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Open AccessArticle

Migration, Work, and Health: Lessons Learned from a Clinical Case Series in a Northern Italy Public Hospital

1
Department of Diagnostics and Public Health, Section of Occupational Health, University of Verona, 37134 Verona, Italy
2
University Research Center “Integrated Models for Prevention and Protection in Environmental and Occupational Health”, Universities of Verona, Brescia and Milano Bicocca, 37134 Verona, Italy
3
Postgraduate School of Occupational Medicine, University of Verona, 37134 Verona, Italy
*
Author to whom correspondence should be addressed.
Int. J. Environ. Res. Public Health 2019, 16(17), 3007; https://doi.org/10.3390/ijerph16173007
Received: 24 June 2019 / Revised: 5 August 2019 / Accepted: 16 August 2019 / Published: 21 August 2019
(This article belongs to the Special Issue Migration, Work and Health)
Background: Migrant workers (MWs) generally perform dangerous jobs and have reduced access to occupational health (OH) care, therefore being prone to developing occupational diseases (OD). The aim of the work is to describe a case series of MWs and report on related outcomes for OH professionals. Methods: A case series of 724 MWs, sent from January 2001 to June 2013 to a public OH unit for OD or fitness-for-work (FFW) evaluation, was entered in a dedicated database and elaborated for descriptive statistics with Microsoft Excel. Results: MWs were mostly (75%) men, with a mean age of 40. They came mainly from Morocco, Senegal, Albania, Romania, and Pakistan. Main sectors of employment were manufacturing, metal industry, services, construction. OD were found in 210 cases, main diagnoses being: Lumbar disc and upper limb musculoskeletal disorders (51%), contact dermatitis (15%), allergic asthma (8%), noise-induced hearing loss (7%), tumors (3%), psychiatric disorders (2%). Moreover, 136 FFW judgements were formulated, with some limitations/restrictions expressed. Finally, a relevant prevalence of some chronic non-occupational diseases was found. Conclusions: MWs in Italy may suffer from OH inequalities. Qualified public OH professionals and occupational physicians in workplaces should have a proactive role to concretely meet MWs’ health needs. View Full-Text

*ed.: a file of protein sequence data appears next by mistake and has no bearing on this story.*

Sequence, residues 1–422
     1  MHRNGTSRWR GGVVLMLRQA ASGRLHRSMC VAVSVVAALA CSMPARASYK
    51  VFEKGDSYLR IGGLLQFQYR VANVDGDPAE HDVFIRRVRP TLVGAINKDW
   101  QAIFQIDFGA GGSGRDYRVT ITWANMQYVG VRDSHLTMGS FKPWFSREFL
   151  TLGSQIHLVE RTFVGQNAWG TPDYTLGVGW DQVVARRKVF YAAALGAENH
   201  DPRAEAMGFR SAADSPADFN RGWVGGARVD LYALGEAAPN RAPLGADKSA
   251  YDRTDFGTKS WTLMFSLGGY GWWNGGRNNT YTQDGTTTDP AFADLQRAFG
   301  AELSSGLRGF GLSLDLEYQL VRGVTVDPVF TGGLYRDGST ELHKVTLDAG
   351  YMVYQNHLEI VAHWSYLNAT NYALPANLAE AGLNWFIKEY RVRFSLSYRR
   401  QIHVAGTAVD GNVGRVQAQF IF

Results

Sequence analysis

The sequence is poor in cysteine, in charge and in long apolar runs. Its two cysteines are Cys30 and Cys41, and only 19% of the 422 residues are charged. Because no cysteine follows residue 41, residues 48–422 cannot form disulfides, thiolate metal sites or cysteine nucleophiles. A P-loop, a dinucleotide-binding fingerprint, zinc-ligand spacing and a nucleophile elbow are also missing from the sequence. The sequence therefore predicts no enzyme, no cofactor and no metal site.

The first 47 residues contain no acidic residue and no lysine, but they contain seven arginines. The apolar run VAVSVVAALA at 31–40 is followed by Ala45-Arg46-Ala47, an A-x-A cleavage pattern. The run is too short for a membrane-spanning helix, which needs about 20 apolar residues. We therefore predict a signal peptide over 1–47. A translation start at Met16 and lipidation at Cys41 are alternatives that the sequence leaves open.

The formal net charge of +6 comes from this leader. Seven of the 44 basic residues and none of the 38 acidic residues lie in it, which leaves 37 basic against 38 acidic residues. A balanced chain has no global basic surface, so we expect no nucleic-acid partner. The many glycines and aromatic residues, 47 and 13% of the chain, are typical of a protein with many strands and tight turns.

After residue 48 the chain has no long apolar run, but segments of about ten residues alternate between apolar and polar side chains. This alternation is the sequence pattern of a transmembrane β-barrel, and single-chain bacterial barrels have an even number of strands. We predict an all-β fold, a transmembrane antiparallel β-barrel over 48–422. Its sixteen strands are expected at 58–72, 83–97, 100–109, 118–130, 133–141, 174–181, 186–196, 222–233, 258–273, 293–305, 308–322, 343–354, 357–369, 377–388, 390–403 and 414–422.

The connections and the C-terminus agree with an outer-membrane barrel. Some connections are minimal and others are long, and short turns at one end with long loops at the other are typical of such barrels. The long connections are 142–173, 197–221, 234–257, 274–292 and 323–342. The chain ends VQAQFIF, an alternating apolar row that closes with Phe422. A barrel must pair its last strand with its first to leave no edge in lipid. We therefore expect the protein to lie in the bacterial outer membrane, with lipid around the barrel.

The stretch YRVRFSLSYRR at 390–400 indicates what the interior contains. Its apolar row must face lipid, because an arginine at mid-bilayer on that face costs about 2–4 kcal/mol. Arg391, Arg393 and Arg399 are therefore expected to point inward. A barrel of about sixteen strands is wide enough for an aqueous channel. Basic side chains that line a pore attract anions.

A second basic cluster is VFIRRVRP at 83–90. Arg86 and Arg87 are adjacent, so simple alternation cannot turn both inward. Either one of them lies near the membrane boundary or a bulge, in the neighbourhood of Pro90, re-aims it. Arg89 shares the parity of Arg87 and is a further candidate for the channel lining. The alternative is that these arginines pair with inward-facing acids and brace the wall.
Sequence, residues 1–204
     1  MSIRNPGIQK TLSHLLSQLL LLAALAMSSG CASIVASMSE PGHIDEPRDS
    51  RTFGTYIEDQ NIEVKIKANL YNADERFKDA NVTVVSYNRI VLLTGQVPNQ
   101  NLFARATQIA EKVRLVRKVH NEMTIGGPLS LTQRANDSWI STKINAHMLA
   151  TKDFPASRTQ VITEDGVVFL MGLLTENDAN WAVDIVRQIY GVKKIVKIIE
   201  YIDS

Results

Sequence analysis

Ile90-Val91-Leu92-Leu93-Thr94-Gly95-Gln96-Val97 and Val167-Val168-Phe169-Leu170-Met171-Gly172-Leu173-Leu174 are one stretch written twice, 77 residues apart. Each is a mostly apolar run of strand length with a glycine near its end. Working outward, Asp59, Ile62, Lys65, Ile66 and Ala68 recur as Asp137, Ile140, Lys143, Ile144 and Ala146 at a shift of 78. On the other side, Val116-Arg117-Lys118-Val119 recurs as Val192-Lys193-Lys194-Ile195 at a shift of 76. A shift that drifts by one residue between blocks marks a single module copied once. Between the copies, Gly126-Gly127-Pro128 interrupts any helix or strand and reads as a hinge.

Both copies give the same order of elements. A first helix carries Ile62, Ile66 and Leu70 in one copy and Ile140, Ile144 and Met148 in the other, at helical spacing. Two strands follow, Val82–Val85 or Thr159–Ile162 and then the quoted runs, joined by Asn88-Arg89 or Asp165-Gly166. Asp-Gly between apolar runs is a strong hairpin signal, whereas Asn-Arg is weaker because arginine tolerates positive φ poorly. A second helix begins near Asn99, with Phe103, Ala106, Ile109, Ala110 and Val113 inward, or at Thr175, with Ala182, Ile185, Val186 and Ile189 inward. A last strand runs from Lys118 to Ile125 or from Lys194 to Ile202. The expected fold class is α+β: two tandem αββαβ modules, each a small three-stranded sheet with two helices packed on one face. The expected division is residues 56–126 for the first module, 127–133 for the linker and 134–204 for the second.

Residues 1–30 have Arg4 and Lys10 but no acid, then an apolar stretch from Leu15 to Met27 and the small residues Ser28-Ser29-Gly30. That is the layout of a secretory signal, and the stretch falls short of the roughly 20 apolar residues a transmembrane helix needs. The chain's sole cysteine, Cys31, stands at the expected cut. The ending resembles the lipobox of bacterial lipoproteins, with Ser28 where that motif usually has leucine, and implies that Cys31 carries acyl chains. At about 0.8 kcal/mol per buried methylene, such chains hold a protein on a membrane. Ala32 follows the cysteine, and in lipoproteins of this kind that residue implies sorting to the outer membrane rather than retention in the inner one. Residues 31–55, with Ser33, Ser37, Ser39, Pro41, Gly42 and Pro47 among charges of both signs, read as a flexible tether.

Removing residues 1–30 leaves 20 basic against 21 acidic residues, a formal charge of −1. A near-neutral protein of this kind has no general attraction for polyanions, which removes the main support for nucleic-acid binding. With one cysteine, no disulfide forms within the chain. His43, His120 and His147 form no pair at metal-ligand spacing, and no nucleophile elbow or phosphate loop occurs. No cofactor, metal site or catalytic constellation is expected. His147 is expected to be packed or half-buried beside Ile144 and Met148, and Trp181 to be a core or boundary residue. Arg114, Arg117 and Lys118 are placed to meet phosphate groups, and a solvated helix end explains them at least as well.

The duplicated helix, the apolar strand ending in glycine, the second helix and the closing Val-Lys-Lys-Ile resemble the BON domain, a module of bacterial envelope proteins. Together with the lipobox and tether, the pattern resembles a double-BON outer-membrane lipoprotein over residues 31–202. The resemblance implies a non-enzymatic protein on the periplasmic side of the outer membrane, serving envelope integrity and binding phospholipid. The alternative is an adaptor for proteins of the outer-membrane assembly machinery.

Keywords: migrant workers; occupational diseases; health surveillance; fitness for work; clinical case series; occupational health services; Italy migrant workers; occupational diseases; health surveillance; fitness for work; clinical case series; occupational health services; Italy
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Arici, C.; Tamhid, T.; Porru, S. Migration, Work, and Health: Lessons Learned from a Clinical Case Series in a Northern Italy Public Hospital. Int. J. Environ. Res. Public Health 2019, 16, 3007.

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